Mechanical properties of ceramics are sensitive to the microstructure of the machined surface. The fracture strength has been studied in the past as a function of surface roughness of ceramics, and it has been noticed that micro cracks exist in the ground surface layers. The microcracks caused by grinding abrasion, however, have not been clearly observed. The purpose of this study was to describe the micro-structure of ground surface of alumina ceramics and to obtain its influence on the bending and fatigue strengths. The following results are obtained. (1) According to TEM observations, both the inter- and the trans-granular fracture occurred in the surface layers. (2) Micro cracks developed in the area of trans-granular fracture. (3) The structure image of the strained area suggested that lattice deformation occurred when diamond grains hit an alumina grain. Some dislocations were also observed in the alumina grain. (4) The diamond grain size of the grinding wheel did not have so much effect on the three point bending strength. (5) The specimen ground by a #325 diamond grinding wheel showed slightly higher fatigue strength than by a #800 diamond grinding wheel.
The fracture strength of ceramic-metal bonded material is determined by the characteristics of its interface. In the case of the bonding attained by using insert metal such as Ag brazing, the yielding phenomenon would affect the stress singularity at the interface near the end position and its strength. In this paper, the effects of plastic deformation and layer thickness on the stress singularity and strength of the bonded joint were studied. The results obtained are as follows. The material dynamic role of soft insert metal was considered to relieve its stress singularity at the bonded interface. This effect became larger with decreasing thickness of insert metal. But when a large plastic deformation concentrated at the bonded interface, the fracture strength came down. This phenomenon seemed to be caused by the high normal stress acting to the interface, which was induced by the movement of slip lines being prevented by the bonded interface. In addition, the stress singularity was found to become smaller as the Young's modulus of the insert metal became higher.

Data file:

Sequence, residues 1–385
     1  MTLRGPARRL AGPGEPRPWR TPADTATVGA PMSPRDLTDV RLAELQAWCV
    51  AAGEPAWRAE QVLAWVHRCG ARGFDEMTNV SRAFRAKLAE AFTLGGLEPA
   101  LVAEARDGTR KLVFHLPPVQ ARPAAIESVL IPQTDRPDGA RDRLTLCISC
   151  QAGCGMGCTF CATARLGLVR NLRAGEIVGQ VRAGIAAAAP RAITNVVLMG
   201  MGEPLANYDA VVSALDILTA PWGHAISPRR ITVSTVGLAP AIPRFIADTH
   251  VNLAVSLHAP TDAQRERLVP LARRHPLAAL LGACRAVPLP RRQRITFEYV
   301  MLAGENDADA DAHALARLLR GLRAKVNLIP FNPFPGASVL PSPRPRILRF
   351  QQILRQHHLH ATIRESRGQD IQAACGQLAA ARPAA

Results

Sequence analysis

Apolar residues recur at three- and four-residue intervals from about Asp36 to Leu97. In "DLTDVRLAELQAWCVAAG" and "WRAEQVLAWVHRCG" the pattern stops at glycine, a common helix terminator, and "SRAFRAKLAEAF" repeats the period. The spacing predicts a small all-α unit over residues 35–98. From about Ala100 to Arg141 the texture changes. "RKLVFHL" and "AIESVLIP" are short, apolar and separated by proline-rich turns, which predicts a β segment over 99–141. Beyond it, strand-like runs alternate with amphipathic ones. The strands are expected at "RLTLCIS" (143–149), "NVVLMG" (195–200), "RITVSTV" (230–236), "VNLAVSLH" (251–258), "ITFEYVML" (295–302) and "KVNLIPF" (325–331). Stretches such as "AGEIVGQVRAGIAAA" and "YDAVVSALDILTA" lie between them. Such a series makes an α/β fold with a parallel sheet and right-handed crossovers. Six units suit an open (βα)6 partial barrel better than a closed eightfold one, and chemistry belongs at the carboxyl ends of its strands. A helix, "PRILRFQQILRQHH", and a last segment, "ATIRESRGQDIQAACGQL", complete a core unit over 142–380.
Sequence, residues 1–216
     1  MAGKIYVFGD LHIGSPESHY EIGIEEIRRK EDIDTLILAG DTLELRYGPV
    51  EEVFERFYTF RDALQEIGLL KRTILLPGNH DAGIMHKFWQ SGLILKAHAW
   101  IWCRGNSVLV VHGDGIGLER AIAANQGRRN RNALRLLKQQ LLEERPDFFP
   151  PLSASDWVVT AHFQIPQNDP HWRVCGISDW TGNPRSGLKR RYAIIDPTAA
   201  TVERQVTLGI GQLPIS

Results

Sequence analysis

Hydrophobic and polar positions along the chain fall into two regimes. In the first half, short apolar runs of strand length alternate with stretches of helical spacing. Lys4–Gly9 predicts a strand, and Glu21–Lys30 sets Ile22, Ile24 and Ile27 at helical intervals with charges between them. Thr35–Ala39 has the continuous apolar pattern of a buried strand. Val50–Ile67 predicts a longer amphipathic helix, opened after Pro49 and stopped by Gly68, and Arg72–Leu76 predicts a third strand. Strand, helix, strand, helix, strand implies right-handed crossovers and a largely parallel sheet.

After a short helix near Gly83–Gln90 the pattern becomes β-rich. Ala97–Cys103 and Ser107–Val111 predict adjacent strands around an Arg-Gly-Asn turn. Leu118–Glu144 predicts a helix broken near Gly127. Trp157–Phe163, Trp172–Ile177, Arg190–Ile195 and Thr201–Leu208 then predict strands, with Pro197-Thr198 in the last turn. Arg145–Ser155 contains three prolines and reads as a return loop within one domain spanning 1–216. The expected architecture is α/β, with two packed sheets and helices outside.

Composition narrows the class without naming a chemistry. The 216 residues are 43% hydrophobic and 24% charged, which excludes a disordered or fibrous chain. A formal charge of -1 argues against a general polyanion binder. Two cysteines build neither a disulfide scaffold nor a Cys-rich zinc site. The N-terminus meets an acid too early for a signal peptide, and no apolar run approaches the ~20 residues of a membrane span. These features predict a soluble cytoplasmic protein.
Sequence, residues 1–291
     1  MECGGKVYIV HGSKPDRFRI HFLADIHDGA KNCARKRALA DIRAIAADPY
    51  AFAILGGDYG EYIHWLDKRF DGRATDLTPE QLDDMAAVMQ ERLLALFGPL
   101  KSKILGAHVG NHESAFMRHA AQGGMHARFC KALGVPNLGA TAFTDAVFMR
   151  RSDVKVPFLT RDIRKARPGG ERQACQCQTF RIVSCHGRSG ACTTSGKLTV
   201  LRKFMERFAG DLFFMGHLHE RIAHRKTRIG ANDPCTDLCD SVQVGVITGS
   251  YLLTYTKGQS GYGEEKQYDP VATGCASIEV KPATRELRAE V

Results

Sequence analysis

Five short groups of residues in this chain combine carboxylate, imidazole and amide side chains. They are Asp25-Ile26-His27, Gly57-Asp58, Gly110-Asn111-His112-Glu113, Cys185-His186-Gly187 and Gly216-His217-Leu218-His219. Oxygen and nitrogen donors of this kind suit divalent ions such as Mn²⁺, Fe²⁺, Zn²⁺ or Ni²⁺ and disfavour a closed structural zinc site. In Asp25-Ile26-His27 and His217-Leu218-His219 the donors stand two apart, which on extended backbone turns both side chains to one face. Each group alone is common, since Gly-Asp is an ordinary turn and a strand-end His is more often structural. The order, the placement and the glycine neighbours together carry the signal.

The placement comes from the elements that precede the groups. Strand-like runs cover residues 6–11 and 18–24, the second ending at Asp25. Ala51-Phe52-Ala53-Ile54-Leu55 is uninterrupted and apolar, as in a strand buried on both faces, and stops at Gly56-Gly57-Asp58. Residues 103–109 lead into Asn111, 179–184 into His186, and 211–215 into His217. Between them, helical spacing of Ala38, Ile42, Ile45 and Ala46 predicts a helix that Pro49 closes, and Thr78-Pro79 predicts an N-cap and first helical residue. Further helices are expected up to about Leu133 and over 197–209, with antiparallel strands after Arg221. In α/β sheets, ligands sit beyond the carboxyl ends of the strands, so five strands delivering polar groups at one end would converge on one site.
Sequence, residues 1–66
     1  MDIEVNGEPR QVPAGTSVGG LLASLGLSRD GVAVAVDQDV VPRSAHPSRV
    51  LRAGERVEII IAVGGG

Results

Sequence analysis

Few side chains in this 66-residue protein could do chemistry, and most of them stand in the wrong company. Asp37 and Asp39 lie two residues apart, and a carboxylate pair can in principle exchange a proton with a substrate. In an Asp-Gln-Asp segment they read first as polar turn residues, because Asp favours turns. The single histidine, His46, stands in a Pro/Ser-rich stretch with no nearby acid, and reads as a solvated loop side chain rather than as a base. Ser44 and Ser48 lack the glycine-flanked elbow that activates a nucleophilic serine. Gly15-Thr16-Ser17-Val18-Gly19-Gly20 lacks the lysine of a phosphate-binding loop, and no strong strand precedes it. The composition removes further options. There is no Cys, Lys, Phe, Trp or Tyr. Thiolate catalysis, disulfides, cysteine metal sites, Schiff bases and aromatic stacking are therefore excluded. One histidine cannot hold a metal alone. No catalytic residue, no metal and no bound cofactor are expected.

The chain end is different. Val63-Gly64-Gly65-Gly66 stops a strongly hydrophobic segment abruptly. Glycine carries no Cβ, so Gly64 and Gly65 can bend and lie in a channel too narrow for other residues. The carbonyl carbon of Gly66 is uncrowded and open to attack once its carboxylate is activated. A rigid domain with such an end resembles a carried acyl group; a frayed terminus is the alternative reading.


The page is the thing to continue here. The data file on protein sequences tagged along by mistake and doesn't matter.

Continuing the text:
Inhomogeneous deformation occurring at the interface of a laminated thin sheet is considered to be one of the mechanical behaviors causing interface fracture or determining its forming limit. The behavior of deformation such as interfacial roughening may also be related with the interfacial plastic instability. Experimental investigations on such deformation have been performed by using an aluminum foil laminated with a plastic film on each side and subjecting it to biaxial tension. This report puts an emphasis on the growth of interfacial roughening in comparison with the surface roughening in the aluminum foil alone subjected to the same tension. The relation between the growth of roughening and macroscopic fracture is also discussed. Two kinds of aluminum foils were supplied, one being pure aluminum with a certain grain size and the other aluminum alloy. The interfacial roughening was observed in-situ through an optical microscope and was measured at several strain levels from the cross sections of the laminate samples which were molded by resin. It was found that the interfacial roughening did not grow monotonically due to the hardening properties and the rigidity (thickness) of the skin material. It is also regarded as one of the characteristic features of fracture that the necking occurs in the aluminum foil after the delamination at the interface propagates up to a certain region.